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28 Sep 2016
Obasanjo wants N5.8trn pension funds spent on infrastructure
Former President Olusegun Obasanjo has challenged pension managers to invest a portion of an estimated N5.8 trillion pension fund in housing and key infrastructures in order to speed up development in key sectors of the economy.
Speaking yesterday in Abuja at the third edition of World Pension Summit (Africa Special), the former president made reference to Singapore as a classical example of countries that maximally utilised pension asset to solve housing challenge confronting their citizens.
The theme of this year’s summit is “Pension Innovations: The African Perspective.”
“We must find a way of using the pension fund to help our development particularly infrastructural development. There are examples we can take in the world. For instance, Singapore is a good example where pension fund has been used to ensure that no Singaporean is without a house.
“There is no reason why we can’t go along that way here. Then, infrastructures, such as roads, especially toll roads. There is no reason why it is not one of the things we should embark upon. I will challenge you to, in the next two days, think innovatively, think outside of the box, but think with caution,” he added.
The former president, whose tenure as president laid the foundation for the Contributory Pension Scheme (CPS), advised pension managers to be cautious and extremely careful with innovation into the scheme.
He said while innovation was allowed, such innovations must impact positively on pensioners. Also, President Muhammadu Buhari said that Nigeria’s Contributory Pension Scheme had, to a large extent, stabilised the nation’s pension administration.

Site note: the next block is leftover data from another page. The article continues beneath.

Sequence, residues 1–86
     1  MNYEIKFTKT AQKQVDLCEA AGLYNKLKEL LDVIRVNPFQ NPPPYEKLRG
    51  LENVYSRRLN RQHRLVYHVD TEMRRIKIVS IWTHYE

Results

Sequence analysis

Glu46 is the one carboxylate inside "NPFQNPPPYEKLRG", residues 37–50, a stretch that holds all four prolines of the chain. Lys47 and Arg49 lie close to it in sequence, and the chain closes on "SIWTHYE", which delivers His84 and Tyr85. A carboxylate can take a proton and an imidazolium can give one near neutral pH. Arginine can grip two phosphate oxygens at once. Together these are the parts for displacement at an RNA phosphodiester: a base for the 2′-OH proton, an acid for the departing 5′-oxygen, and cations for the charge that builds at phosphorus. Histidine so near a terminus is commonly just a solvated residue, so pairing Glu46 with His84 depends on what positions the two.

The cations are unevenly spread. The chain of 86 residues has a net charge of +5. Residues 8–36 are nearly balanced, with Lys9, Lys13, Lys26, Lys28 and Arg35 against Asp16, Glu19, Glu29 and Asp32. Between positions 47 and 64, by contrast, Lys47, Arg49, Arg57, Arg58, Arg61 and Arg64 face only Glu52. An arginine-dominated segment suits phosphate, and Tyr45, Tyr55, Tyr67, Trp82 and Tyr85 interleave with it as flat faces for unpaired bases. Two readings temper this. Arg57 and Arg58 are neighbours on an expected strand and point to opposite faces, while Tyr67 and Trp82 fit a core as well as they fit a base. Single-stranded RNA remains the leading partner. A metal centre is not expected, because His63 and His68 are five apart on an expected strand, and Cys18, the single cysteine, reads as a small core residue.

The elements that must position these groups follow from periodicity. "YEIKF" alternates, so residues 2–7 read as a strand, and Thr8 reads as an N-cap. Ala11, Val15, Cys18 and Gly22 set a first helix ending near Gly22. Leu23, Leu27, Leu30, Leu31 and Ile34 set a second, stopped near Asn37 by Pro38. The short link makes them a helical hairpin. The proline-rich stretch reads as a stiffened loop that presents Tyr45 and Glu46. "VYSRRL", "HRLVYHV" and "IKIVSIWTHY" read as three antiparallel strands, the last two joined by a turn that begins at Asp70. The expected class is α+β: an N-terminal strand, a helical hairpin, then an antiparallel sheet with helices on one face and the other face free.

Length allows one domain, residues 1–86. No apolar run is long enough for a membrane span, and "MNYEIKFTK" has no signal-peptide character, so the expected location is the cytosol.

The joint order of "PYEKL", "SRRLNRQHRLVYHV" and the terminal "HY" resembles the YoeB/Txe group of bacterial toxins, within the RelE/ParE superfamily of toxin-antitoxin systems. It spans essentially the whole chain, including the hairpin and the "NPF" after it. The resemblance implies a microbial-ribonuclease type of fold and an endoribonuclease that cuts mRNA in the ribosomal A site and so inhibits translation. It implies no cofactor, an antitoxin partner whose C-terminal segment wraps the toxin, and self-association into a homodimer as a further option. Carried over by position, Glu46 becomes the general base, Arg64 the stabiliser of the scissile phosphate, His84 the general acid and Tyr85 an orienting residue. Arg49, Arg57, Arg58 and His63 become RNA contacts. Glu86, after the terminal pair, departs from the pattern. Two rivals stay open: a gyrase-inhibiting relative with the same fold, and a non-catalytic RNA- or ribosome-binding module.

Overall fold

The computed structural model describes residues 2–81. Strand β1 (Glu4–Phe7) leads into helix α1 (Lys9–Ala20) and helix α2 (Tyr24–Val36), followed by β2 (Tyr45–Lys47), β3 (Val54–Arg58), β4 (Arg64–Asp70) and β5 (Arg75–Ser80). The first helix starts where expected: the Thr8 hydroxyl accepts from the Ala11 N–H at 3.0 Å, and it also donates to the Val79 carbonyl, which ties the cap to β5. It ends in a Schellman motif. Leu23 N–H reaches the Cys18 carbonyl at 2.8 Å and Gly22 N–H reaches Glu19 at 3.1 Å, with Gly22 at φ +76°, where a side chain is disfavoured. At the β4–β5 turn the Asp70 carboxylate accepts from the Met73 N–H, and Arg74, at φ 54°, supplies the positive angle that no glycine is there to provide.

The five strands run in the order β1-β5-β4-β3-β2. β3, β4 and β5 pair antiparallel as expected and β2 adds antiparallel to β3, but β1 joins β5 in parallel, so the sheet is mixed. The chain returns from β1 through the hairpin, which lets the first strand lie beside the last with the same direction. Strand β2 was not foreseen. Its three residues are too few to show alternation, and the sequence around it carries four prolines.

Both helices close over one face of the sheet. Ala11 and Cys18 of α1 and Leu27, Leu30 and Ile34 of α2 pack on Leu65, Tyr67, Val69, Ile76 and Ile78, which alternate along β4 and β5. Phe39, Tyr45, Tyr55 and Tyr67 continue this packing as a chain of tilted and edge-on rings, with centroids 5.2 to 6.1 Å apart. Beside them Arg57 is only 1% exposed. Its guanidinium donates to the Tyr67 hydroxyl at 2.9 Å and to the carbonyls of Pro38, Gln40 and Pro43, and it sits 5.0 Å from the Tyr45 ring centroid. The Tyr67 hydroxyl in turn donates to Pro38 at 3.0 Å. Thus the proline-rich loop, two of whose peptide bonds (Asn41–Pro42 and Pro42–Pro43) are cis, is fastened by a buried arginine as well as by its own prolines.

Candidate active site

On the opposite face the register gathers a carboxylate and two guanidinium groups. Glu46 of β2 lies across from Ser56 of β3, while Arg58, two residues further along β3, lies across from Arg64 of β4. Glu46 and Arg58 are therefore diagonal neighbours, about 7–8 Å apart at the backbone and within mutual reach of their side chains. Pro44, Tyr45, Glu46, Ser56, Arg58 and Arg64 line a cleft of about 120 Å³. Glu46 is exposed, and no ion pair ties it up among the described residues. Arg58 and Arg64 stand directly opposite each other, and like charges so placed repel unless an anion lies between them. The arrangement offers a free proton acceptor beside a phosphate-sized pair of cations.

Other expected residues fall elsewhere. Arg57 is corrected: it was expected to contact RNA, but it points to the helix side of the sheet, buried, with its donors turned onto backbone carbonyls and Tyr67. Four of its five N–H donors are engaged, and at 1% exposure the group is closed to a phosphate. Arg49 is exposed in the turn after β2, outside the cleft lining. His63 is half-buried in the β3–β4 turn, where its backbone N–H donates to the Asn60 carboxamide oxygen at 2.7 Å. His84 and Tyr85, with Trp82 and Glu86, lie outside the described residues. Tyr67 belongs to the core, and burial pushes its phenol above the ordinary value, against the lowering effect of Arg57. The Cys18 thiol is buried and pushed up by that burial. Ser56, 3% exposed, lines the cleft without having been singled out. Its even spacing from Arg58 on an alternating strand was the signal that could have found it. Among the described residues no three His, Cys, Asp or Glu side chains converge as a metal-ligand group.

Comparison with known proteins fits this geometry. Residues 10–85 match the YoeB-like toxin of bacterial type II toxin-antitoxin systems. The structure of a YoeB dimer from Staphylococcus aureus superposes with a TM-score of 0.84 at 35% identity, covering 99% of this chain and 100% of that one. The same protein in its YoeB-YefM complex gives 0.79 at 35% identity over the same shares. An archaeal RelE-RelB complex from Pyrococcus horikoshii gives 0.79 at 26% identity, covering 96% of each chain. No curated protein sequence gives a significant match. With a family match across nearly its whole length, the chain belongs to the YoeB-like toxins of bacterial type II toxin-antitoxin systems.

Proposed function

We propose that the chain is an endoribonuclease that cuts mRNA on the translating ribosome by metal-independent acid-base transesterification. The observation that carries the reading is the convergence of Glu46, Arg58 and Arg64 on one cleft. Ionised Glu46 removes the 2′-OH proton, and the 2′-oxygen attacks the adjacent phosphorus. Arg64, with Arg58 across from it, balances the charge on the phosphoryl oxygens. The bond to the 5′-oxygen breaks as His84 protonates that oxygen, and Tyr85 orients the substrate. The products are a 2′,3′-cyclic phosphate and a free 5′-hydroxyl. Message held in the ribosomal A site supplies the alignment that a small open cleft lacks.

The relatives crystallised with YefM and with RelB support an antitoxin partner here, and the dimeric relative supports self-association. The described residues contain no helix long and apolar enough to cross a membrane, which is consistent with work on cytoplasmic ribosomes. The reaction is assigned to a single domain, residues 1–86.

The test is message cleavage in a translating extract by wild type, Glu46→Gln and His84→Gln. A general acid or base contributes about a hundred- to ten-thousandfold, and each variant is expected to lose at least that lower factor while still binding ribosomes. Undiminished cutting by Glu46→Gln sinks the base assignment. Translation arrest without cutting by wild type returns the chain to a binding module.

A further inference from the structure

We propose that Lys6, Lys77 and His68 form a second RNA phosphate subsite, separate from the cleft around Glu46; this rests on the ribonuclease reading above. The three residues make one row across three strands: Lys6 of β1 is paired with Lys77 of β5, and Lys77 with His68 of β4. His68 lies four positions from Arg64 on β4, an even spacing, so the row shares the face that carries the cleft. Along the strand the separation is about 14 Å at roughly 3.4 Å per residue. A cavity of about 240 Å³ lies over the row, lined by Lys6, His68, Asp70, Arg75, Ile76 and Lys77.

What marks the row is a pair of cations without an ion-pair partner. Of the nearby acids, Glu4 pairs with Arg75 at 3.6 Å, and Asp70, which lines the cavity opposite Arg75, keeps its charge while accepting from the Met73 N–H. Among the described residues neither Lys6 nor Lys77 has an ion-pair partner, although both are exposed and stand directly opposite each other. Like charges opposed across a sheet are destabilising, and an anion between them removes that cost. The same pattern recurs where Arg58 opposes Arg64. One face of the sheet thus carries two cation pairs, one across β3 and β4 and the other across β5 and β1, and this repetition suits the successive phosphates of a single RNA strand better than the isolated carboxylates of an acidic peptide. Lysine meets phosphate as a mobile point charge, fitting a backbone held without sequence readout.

According to Buhari, it is globally acknowledged that pension matters occupy a strategic place not only as a vital component of social security, but also as a vehicle for nation building.
The president, represented by the Head of Service of the Federation, Mrs. Winifred Ayo-Ita, said the summit would enable countries and stakeholders to brainstorm on how to tackle their economic challenges.
“Nigeria in 2004 established contributory pension scheme due to its advantages such as sustainability as a system with framework that would eliminate incentives for corruption.
“Also, it is noteworthy that within 12 years of implementing contributory pension scheme in the country, it has to large extent, stabilised our pension administration system,” he said.
He called on the National Pension Commission (PENCOM) to extend its net to people in informal sector.
Buhari also directed PENCOM to step up its enforcement drive to public and private sector institutions to ensure full compliance and in line with the enabling law.
Eric Eggink, Founder, World Pension Summit, said due to innovation of Android phones, many people could now invest in pension scheme anywhere they used their mobile phones.
Mrs. Chinelo Anohu-Amazu, Director-General of PENCOM, said after a long period of faltering economic performance, there had been resurgent growth over the last decade in African countries’ Gross Domestic Progress (GDP).
She listed African unique entrepreneurial/ innovative spirit, emerging from its industries, and smaller innovative initiatives such as the portable irrigation technology as some of the factors that led to the growth of African economies.
She, however, explained that Africa’s infrastructure by far remained the most deficient sector hampering the continent’s development.
The summit was attended by important dignitaries including Governor Nasiru el-Rufai of Kaduna State; former Governor of Cross River, Donald Duke; NLC President, Ayuba Wabba, and President of TUC, Kaigama Bala.